Since my last blog post we have made it through Mother’s Day weekend, it was spectacular. We shipped 8 trucks to the 2nd St. store as well as a boatload of plants to the 18th Ave. store from the greenhouses. Our baskets were flying out of the greenhouses!
This is the second time in seventeen years that I can remember having great weather all 3 days of the weekend. Of course, great weather can only last so long in Minnesota, (I feel like I’m always talking about the weather) and here we are in another cold spell. Like many people, I just bought my herbs this week, and there they sit in the garage waiting to be planted. But, even though this weather can put a damper on planting your annuals in the ground, getting your vegetable garden planted, and installing a new perennial bed (don’t worry, I’m going somewhere nice with this), you can still plant your containers. We will be here for you. In fact, we have ideas displayed all around the stores.
Right before the weather changed, I got a chance to tag along with Alan while he checked the bluebird trail. Out of 6 sets of nesting boxes, we found 3 active nests.
A chickadee nest with eight eggs, a bluebird nest with four hatchlings and a tree swallow nest with one egg.
When chickadees nest in the bluebird boxes, John and Alan put a reducer on the hole to help protect the nest from other birds such as house sparrows. Because the wrens can fit into the smaller hole, they also put a board in front of the hole to help hide it from the wrens.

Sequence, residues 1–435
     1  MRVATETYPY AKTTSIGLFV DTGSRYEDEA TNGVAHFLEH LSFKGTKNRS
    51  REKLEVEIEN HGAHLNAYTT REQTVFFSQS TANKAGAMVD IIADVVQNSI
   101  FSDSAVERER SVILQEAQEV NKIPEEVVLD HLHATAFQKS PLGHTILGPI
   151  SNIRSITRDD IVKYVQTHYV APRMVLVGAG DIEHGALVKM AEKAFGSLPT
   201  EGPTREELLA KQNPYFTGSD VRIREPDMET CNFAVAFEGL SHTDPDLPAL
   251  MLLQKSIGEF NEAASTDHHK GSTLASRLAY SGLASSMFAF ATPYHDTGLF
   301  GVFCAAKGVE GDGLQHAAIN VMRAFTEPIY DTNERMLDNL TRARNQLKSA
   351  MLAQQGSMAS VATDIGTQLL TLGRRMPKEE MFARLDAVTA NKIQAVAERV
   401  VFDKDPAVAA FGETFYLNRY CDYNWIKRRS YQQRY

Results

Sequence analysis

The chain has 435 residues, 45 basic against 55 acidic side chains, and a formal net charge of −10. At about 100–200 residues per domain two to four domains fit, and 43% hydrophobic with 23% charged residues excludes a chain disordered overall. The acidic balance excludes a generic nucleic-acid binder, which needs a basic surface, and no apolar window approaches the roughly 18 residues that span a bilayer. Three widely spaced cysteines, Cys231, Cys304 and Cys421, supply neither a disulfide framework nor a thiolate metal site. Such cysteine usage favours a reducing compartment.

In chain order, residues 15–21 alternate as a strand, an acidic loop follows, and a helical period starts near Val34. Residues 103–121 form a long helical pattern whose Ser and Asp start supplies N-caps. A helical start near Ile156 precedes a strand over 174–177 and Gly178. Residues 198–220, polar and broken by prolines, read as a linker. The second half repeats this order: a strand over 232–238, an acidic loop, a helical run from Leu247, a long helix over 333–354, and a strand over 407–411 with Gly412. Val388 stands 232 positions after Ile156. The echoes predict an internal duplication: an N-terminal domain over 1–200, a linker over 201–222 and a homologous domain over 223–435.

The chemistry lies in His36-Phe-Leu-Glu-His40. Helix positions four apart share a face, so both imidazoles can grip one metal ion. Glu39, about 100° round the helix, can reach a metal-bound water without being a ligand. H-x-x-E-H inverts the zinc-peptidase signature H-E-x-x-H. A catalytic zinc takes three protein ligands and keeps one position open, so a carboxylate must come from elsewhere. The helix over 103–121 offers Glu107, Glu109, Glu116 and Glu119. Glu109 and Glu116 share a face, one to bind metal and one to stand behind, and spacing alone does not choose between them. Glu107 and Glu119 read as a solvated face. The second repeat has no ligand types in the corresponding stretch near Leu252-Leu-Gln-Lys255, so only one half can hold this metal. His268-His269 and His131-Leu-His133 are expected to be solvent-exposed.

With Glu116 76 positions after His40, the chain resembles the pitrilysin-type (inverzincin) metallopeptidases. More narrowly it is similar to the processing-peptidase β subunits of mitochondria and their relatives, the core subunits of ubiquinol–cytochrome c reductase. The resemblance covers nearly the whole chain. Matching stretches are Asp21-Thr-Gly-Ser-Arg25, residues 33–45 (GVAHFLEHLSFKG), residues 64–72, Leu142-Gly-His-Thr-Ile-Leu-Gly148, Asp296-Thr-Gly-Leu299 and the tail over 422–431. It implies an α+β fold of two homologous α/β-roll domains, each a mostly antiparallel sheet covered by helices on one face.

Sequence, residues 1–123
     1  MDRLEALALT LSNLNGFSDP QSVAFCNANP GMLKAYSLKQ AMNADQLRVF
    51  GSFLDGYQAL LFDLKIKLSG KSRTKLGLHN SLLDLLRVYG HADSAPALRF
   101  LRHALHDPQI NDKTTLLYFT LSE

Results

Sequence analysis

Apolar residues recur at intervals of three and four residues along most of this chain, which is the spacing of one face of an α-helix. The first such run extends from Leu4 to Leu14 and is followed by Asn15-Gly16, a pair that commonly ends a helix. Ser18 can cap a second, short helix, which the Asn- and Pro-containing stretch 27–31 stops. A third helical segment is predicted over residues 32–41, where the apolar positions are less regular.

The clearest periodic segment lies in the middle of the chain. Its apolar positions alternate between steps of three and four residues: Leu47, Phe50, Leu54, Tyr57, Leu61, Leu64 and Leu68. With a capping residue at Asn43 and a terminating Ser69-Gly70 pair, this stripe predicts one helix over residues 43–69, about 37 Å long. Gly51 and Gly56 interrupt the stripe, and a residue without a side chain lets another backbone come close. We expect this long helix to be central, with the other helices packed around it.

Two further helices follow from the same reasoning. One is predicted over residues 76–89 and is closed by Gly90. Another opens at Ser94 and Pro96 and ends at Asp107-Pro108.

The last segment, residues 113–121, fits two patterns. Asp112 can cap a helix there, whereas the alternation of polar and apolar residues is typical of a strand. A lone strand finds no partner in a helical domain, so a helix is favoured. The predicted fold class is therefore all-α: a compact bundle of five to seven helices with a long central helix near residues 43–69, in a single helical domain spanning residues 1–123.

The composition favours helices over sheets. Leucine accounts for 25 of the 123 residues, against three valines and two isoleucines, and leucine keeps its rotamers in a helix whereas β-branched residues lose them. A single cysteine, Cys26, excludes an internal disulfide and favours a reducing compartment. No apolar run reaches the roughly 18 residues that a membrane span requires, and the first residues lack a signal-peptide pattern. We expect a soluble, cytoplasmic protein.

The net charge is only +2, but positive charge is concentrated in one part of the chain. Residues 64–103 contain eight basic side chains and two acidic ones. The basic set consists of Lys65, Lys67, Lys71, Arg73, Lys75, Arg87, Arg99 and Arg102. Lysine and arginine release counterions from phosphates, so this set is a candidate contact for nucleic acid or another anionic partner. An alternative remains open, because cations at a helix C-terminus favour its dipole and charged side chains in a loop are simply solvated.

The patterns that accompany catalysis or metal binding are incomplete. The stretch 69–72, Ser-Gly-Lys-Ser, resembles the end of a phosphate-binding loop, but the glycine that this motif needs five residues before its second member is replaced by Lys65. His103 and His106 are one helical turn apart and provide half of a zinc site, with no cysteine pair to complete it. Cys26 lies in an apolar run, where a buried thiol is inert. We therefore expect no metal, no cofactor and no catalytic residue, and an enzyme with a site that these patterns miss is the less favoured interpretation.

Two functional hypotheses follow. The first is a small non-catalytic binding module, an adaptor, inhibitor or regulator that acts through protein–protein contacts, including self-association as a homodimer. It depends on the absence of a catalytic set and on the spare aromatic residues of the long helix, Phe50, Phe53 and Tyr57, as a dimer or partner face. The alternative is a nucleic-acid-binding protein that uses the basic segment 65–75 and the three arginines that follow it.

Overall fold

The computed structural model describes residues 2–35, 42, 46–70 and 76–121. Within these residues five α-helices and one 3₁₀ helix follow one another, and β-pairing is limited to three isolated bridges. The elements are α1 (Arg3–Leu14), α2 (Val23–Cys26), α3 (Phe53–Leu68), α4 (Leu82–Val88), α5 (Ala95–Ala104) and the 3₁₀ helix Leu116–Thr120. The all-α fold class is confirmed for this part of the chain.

They do that because wrens will throw out any eggs that are in a nesting site that they want to nest in.
In case you are wondering why we are letting birds other than bluebirds nest on a bluebird trail, Alan says that he loves all native birds. Plus, once they lay eggs in the nest, they are protected by the Migratory Bird Act. Did you know that the Migratory Bird Act was established in 1918 and it protects native birds but not non-native birds? I’m always surprised that they were thinking about conservation so long ago.
Speaking of birds, I saw the first hummingbird of the season at my feeder yesterday. Hummingbird’s remind me of my grandmother. She always had feeders out and they were always ‘humming’ with activity. Hummingbird-friendly plants are on my to plant list this year! Hummingbirds love tubular flowers and bright colors.
Annual salvia, lantana, and cuphea are great hummingbird attractants. Don’t forget that not all of your flowers have to be red to bring the hummingbirds in. The Black and Bloom salvia is very popular with our customers, not just because they are pretty with great flower power, but because they are a hit with the hummingbirds. One of many perennial plants that are popular with the hummingbirds is hosta. Almost everyone I know has a hosta in their yard. When they are blooming in the greenhouses, I see hummingbirds visit them over and over again.
By the way, how are your perennials doing? I have been quite happy with mine. My shade garden looks so nice right now.
I love how pretty the Japanese painted fern looks among the hostas. My bleeding hearts have been blooming for 2 weeks now, and the little bit of Lamiastrum I planted last year has really taken off.
My sunny garden still needs to have the debris from last year cut back. I leave it over the winter for pollinator habitat. One caveat, if you have any disease problems in your flower beds, you should do a thorough cleanup in the fall.
My Early Scout peony has already been blooming and my other peonies have nice big buds on them. After this weather clears up and the soil isn’t so wet, I am going to get those herbs planted!